Building a Healthy and Aligned Executive Team in One Day
I recently did a full-day workshop with a tech company to help align their leadership team and thought I’d share the agenda and exercises with those of you who are looking to do the same.
It’s fairly common that C-suites don’t function too well as a team. As high-performing individual contributors and managers, executives tend to dedicate little effort to strengthening the relationship with their peers.
As founding team members and experts in their domain, they might have grown apart whilst getting the company off the ground. Or, a recently hired C-suite that hasn’t worked together before, their focus remains mostly on their own performance and that of their department(s).
When it comes to organizational health, building a cohesive leadership team is the first and most important thing to tackle. Without building this strong foundation, everything else will be an uphill battle. Patrick Lencioni, founder of The Table Group, is well known for his expertise on the topic. I’m a fan of the simplicity and effectiveness of his methodology and use them all the time with clients.
Below, you can find the agenda for a full-day workshop with your executive team. Many of the exercises are based on Patrick Lencioni’s book The 5 Dysfunctions of a Team.
Note: This agenda is full on. Make sure to move fairly quickly through each of the sections. Teams tend to get stuck or go off the rails. If there are multiple issues to resolve, you prefer to not feel rushed, or include more strategic exercises (Results section), I recommend planning two days for this. But, even if you don’t get to cover all of the exercises during the day — simply schedule one or two follow up sessions to finalize everything. There is no need to squeeze.
1–2 Day workshop agenda
Foundation (1 hour)
1. Personal and professional highlights
Before diving into the thick of it, start the day going around the table sharing a personal and professional highlight from the past quarter or month. I often do a quick centering exercise for everyone to arrive mentally in the room.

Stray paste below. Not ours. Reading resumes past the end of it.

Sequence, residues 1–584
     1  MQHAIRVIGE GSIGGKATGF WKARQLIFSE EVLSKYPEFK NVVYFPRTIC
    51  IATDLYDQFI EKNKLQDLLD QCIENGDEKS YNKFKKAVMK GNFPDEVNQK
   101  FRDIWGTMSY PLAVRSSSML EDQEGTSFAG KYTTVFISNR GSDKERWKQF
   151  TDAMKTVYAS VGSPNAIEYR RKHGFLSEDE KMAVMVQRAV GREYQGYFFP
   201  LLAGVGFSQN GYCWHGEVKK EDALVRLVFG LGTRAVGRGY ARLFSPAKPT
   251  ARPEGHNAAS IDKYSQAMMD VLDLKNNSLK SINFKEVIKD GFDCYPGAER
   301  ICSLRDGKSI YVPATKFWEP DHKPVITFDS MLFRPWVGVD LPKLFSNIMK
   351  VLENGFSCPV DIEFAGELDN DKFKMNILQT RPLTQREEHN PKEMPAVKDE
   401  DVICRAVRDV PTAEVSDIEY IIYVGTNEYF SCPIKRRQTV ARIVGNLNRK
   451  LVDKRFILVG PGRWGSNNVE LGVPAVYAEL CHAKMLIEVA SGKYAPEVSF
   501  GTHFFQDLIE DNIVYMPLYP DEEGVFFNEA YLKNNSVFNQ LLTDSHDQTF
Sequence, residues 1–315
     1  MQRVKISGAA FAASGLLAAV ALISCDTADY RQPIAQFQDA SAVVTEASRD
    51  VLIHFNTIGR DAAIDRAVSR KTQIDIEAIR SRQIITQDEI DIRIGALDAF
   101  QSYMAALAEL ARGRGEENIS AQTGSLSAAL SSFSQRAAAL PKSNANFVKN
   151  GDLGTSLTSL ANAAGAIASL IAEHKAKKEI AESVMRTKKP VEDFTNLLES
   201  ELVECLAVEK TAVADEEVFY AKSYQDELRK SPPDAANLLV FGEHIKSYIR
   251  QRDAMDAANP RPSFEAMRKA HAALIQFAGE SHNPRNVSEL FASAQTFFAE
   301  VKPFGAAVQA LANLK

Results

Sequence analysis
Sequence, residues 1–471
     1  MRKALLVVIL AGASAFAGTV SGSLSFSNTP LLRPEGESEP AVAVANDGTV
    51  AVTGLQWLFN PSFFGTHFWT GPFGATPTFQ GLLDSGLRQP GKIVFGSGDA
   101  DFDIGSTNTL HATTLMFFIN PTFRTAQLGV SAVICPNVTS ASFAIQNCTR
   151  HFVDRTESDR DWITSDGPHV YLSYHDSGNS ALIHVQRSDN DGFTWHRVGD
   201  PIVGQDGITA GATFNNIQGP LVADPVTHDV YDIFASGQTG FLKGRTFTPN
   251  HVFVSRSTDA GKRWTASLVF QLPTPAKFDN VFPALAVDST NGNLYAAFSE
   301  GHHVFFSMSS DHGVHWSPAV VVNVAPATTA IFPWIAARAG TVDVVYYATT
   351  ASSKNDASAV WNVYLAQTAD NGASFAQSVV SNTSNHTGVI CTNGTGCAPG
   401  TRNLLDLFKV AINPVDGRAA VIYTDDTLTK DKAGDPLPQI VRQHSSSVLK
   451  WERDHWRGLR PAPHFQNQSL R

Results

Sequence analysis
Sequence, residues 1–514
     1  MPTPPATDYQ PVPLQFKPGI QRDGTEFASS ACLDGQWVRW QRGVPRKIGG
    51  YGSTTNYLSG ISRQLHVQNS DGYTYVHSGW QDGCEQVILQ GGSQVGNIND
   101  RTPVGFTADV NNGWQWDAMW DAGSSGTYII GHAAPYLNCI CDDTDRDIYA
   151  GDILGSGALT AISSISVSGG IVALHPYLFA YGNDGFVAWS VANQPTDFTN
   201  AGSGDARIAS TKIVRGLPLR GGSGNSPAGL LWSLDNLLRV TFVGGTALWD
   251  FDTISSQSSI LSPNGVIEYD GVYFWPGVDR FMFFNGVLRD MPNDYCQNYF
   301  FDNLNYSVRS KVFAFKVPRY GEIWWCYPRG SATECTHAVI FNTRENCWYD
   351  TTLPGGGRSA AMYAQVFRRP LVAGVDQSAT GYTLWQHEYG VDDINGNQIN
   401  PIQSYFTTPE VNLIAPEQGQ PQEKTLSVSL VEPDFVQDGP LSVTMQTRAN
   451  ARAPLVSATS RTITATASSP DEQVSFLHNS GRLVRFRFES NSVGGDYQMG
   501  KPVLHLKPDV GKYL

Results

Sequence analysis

2. Intention and outcomes
Set your intention and desired outcome and share it with the other team members — you will see, most likely everyone is looking to resolve a similar situation and is eager to get alignment.
3. Ground rules
Establishing some basic rules for the day will help get people into the right mindset. Here, some things to remember:
- Prioritize the results of the team over your individual or departmental needs. Beware of distractions — ego, career, money, department needs.
- Team #1 — Take off your department hats and focus on the greater good of the organization. The idea of team #1 is that executives make the c-level team their top priority — instead of the team they manage.
- Embrace conflict and the opportunity this presents. Humble conflict is the pursuit of truth and the best possible solution available.
- The more honest and open you can be with each other, the more productive you will be.
- There is not one right way of how the day should go but you need commitment and engagement from everyone.
- Any decision that’s communicated to the rest of the company, has to be agreed on beforehand.
4. The 5 Dysfunctions of a team — model
If you are not familiar with Patrick Lencioni and his books The Advantage and The 5 Dysfunctions of a Team, I highly recommend having your team read them to get a common understanding of his methodology. Many issues can be avoided by using the principles he teaches. Take 15 minutes to go over the model below to gain a general overview of the 5 Dysfunctions and how they build on each other.
This means CEOs need to:
- Be vulnerable,
- Encourage debate and conflict
- Make responsibilities and deadlines clear
- Set the team’s standards
- Be clear on the team’s outcome.
#1 Trust(2 hours)
5. Trust exercise
Starting with the first and most important dysfunction — absence of trust — go around the table and let each person share their answers to the following questions:
- On a scale from 1–5, how would you rate the current level of trust in the team?
- Why — what gaps can you identify?
- What would need to happen to build or rebuild more trust?
- What would you need from the other team members to fully commit to team #1?
- How would you, the team members, and the company benefit from that?
6. Personal history
Working together unfortunately does not mean knowing each other on a deeper level. Building trust is a matter of being open and vulnerable with each other, understanding each other’s past both personally and professionally. Take 5 minutes to answer the following questions and let everyone share them with the team.
- What are the most important accomplishments of your career?
- What was the most embarrassing moment in your career? Or the biggest failure?
- What experiences most shaped who you are (personally / professionally)?
- What are the biggest obstacles you’ve overcome and how did you grow from them(personally / professionally)?
- Who is someone better than you in an area that really matters to you?
- What’s something you really value and appreciate about yourself?
7. Myers Briggs review
No matter if executives have worked together for a decade or only a few months — knowing each other’s differences, preferences, personality, and leadership styles is not a given. Before the full-day workshop, let your team take the Myers Briggs personality test. During the session, allow 10 minutes to summarize their results, and share their profile highlights in a nutshell.
- My personality in a nutshell
- My greatest strengths
- My weaknesses I’d like to address for the good of the team
8. Personal plan